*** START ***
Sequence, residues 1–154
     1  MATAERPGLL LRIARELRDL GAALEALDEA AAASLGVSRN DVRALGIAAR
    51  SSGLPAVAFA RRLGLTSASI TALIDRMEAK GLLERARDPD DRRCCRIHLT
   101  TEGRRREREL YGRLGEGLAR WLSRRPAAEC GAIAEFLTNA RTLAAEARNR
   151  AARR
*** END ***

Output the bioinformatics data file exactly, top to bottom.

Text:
Sequence, residues 1–154
     1  MATAERPGLL LRIARELRDL GAALEALDEA AAASLGVSRN DVRALGIAAR
    51  SSGLPAVAFA RRLGLTSASI TALIDRMEAK GLLERARDPD DRRCCRIHLT
   101  TEGRRREREL YGRLGEGLAR WLSRRPAAEC GAIAEFLTNA RTLAAEARNR
   151  AARR